Abitare la fine del mondo. Pratiche di esistenza in D. Haraway e T. Morton

  • Tommaso Garavaglia Università degli Studi di Milano

Abstract

The aim of this article is to highlight the theoretical implications of Donna Haraway and Timothy Morton’s reflections on the role played by the notion of “nature” in the relationship between human subjectivity and otherness. The impasse resulting from the so-called “end of the world” has shown how the present time has ceased to play a decisive role in the conceptualization of the relationship between subjectivity and global warming. Our intent will therefore be to show how for the two authors it is necessary to investigate this excluded dimension, learning to live with the problem and implementing practices of resistance able to modify the anthropocentric paradigm. We will describe the affinities between Morton’s concept of “mesh’’ and Haraway’s notion of “becoming-with”, showing that a close interaction between creatures and species lies at the basis of both concepts. We will deduce how, for both Morton and Haraway, it has become necessary to rethink the notion of “world” and the notion of “subject”, as they represent the basic entities conveyed by the anthropocentric view. To this end, we will describe the role taken by subjectivity between Anthropocene, Capitalocene, Chthulucene, highlighting how the way in which nature is conceptualized determines the relationship between the subject and the world.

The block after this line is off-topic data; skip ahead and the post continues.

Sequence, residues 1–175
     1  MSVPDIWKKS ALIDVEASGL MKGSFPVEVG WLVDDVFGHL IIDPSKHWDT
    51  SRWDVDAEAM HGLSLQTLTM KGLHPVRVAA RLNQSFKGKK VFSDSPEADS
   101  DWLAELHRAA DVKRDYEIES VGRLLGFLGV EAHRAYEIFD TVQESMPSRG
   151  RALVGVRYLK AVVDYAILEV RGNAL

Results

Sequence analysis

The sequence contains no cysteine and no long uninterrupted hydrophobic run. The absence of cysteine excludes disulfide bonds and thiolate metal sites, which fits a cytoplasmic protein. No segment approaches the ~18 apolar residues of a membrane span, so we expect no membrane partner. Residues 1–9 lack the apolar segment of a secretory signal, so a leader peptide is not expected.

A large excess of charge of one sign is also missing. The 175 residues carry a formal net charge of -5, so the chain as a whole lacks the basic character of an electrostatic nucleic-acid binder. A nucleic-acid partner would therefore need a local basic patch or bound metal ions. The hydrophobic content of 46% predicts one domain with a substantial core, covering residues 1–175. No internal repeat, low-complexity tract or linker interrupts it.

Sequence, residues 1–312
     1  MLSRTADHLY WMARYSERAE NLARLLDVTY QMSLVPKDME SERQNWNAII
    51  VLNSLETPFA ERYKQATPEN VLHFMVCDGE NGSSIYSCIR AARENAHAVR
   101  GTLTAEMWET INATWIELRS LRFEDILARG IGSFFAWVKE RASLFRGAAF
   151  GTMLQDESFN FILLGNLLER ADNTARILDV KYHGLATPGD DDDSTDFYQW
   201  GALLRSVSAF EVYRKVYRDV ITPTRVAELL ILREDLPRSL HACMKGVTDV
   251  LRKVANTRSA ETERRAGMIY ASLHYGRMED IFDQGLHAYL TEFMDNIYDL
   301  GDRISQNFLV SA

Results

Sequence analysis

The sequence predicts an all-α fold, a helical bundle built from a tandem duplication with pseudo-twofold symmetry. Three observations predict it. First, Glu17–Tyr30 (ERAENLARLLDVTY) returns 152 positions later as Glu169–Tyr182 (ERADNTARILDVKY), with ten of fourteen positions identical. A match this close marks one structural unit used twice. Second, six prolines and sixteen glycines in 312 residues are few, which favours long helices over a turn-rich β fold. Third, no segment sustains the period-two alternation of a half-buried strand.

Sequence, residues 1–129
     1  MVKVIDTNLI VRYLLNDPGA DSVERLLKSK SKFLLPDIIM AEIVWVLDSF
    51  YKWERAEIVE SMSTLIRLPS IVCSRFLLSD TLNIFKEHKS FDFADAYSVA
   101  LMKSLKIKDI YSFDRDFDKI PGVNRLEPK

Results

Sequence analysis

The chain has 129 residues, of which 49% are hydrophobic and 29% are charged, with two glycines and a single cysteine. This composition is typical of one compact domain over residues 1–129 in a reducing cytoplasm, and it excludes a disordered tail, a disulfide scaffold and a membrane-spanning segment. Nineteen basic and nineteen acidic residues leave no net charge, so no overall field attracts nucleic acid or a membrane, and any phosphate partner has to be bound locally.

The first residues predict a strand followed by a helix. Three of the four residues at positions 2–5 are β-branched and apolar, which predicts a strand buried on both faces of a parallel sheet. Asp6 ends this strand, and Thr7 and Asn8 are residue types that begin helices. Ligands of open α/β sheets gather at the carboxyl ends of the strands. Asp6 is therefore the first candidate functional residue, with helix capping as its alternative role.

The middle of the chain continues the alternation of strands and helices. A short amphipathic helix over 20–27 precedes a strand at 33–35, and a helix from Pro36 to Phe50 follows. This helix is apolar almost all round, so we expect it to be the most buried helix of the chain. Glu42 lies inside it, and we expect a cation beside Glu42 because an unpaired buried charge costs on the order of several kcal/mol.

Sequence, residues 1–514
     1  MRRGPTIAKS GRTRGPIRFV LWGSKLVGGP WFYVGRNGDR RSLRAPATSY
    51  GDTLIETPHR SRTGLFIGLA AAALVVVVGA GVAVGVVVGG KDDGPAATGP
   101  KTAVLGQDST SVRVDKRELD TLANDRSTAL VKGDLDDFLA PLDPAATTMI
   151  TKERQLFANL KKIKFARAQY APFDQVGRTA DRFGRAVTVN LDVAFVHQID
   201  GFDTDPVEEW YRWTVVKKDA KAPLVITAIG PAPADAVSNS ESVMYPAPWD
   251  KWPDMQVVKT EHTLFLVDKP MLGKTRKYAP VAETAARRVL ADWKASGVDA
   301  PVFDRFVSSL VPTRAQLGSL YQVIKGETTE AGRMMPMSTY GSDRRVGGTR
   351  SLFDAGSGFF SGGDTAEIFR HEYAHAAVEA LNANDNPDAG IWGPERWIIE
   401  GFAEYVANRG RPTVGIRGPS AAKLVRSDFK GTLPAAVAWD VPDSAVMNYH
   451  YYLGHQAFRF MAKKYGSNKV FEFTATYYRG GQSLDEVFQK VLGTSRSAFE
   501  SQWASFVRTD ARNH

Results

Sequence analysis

Biografia autore

Tommaso Garavaglia, Università degli Studi di Milano

Dottore in Scienze filosofiche presso l’Università degli Studi di Milano con una tesi estetico-teoretica sul rapporto tra perturbante, weird e eerie nel mondo contemporaneo.

Pubblicato
2021-10-15